My god, twelve books? You must be keeping yourself busy. I suppose I might not be of any help (we'll see in a minute), but if I am, should you request advice with anything else, I would be happy to comply. So, don't freak out, everything will be fine. Holly is here now. xD
1. Depending on the audience your stories are aimed at (eg.; romance/drama readers, fantasy readers, etc) and whether or not you plan on including any action or other relevant information in the wedding, I personally think the story would be far more interesting if you were to shorten the wedding to one small scene and continue from there.
2. In regards to the peacock rescuing your protagonist, I doubt that will scare any readers off, especially if they have already been loyally following your stories for ten books; as long as it can be taken seriously, this should interest readers. I would be happy to help further if you would give me more details on the idea.
3. When considering publication, first skim over everything you have written: undoubtedly you will find some details you want to change, or simply improve. The next thing I would suggest is that you share your stories with a family member, friend, or someone that is well versed in English; you are more likely to receive an honest and helpful opinion from someone close to you, so a family member might be best. You must not be discouraged if during your first attempts to publish, your work is rejected. There are millions of writers out there, and even the famous ones had to put in a lot of effort to succeed, including the author of Eragon, whose books were rejected more than once. It is entirely up to you in relation to what to do after publishing (you can write other novels, take a break, or begin working on a completely different subject), but remember, you don't have to rush anything! Writing should be something you do because you find it enjoyable, not a source of stress.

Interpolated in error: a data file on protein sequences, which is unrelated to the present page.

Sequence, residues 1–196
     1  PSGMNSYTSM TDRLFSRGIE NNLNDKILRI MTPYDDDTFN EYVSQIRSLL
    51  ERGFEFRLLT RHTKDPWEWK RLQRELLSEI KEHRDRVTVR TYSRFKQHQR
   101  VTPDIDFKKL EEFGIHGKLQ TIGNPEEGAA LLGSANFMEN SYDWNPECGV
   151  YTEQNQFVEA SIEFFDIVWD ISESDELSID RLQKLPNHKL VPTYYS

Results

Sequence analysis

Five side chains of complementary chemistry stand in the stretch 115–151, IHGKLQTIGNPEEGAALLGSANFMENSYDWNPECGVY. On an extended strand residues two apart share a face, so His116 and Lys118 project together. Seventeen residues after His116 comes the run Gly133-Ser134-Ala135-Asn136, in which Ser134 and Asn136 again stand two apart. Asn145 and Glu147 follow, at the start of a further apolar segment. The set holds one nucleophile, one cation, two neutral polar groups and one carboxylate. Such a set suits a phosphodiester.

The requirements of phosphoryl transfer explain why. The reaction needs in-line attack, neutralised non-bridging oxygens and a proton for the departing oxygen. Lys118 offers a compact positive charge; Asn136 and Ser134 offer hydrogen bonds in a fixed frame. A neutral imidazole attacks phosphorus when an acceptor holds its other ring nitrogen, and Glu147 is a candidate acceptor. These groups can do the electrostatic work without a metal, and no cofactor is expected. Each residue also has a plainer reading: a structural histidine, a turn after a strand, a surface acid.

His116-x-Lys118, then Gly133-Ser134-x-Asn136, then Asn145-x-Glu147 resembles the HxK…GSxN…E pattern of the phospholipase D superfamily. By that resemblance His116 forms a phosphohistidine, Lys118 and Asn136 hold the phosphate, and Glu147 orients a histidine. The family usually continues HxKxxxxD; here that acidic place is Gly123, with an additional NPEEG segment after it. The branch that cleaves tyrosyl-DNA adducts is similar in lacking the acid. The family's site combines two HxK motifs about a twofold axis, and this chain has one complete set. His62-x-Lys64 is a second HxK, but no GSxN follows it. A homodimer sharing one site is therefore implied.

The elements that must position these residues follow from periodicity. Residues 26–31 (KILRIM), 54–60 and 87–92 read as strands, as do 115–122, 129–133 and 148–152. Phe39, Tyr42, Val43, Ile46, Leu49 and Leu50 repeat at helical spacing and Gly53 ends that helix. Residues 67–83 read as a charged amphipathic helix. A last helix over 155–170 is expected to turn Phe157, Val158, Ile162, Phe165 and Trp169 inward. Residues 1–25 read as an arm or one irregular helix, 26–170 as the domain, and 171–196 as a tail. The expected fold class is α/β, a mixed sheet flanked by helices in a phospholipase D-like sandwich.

4. Age is irrelevant when it comes to publishing, as long as your work is good. Do you think a company would care if a two-year-old tried to get their writing published? The answer is - yes, if the work was a big squiggly line. But if they thought they would be putting their time into something worthwhile, and enjoyed the writing as much as they would from an adult author - no, they wouldn't care. The only difference is you would probably be especially famous, due to being so young, because that just makes it all the more impressive.
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